In “Elysium,” Los Angeles in 2154 is no different than Los Angeles in 2013. It is slummier. There are robots in control but are similar to the automated machines we now have the pleasure of talking with to handle business.
There are the political undertones, the most prevalent being immigration. The people on earth want to have access to a better life and resources that people on Elysium take for granted.
This film is visually remarkable. Graphic violence compliments the story. The amount of depravity and dehumanization is mind blowing. There is no care for the “human filth” who risk their life to try and get to Elysium.
Daft Punk would have probably loved to compose the score. Technology is crisp on Elysium and for travel entrepreneur and raging bull Spider (Wagner Moura), his technology is a hacker’s paradise.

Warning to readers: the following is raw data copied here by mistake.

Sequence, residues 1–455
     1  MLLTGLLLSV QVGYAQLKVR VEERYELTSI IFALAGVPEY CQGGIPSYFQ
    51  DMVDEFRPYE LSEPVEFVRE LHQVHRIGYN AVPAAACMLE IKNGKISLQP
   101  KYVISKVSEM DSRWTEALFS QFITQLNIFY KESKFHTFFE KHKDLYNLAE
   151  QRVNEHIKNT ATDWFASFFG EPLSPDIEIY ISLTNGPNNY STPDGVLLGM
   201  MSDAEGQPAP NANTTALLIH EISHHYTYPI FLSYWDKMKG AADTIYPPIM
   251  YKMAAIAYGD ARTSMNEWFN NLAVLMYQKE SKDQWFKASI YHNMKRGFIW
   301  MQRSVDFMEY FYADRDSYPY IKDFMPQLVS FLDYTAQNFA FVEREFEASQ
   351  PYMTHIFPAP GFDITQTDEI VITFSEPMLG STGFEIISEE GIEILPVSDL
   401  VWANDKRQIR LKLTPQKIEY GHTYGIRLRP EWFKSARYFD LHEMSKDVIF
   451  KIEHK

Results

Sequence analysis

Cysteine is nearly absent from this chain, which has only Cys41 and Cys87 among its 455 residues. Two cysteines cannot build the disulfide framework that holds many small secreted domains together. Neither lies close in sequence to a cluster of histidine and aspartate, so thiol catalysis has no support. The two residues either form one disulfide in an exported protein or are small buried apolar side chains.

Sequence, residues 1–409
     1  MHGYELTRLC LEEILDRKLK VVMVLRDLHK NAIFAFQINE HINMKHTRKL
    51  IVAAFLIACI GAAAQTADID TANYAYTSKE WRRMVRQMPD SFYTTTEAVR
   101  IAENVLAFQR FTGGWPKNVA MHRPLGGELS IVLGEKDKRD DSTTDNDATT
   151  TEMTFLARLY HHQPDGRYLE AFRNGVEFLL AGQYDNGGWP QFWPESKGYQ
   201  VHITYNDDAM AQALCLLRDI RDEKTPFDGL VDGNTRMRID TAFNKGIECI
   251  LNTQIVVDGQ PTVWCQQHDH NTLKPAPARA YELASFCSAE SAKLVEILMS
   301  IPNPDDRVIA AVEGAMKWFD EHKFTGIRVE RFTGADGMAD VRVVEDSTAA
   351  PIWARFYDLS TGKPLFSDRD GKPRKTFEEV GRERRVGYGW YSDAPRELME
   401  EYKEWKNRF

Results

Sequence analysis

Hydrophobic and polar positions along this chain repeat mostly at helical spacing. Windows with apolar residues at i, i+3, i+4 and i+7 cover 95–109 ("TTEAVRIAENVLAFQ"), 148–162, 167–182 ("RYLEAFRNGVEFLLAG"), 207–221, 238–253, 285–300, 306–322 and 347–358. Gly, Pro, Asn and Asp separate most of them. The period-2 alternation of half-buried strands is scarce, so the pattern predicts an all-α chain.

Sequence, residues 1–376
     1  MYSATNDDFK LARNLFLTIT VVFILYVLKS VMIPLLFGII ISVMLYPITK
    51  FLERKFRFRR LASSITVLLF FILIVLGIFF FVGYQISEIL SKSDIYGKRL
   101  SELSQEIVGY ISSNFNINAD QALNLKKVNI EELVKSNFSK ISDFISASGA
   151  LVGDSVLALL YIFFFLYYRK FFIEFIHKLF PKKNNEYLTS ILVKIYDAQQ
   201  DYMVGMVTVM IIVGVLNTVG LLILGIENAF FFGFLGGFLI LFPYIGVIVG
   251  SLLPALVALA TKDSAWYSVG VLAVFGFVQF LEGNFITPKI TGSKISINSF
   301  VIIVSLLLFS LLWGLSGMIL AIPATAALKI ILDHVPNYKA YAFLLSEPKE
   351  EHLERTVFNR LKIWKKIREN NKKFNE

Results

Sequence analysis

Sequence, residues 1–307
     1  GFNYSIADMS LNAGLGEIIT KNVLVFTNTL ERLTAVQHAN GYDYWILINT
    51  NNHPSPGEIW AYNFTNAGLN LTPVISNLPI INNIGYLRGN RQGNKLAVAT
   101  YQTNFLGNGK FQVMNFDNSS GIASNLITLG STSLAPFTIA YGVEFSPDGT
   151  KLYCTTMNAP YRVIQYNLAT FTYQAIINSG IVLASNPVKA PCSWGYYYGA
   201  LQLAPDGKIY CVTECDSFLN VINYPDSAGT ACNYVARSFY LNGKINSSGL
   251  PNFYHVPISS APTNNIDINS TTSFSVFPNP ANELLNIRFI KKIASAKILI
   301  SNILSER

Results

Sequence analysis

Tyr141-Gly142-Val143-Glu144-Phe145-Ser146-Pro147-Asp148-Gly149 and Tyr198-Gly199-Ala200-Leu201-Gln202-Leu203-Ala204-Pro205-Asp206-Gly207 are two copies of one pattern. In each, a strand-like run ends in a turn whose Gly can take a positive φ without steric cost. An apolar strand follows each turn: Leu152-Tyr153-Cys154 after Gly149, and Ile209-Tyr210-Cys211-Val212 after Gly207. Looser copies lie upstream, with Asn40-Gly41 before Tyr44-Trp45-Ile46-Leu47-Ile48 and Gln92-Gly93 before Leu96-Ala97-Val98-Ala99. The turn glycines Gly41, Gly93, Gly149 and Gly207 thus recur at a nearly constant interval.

This film packs a stellar main and supporting cast. Jodie Foster played an excellent villain with the faintest accent. Sharlto Copley as C.M. Kruger provides most of the comical moments in the film with evil brewing through his beard. Diego Luna was a great support to Matt Damon, who is titanium as Max. Alice Braga does a great job as Frey but her daughter Matilda (Emma Tremblay) was so memorable.
“Elysium” holds the imagination. This film separates itself from others that have their story set in the distant future because of the current events and those political undertones featured. The film even deviates from its title. The relationship between love and justice is captivating.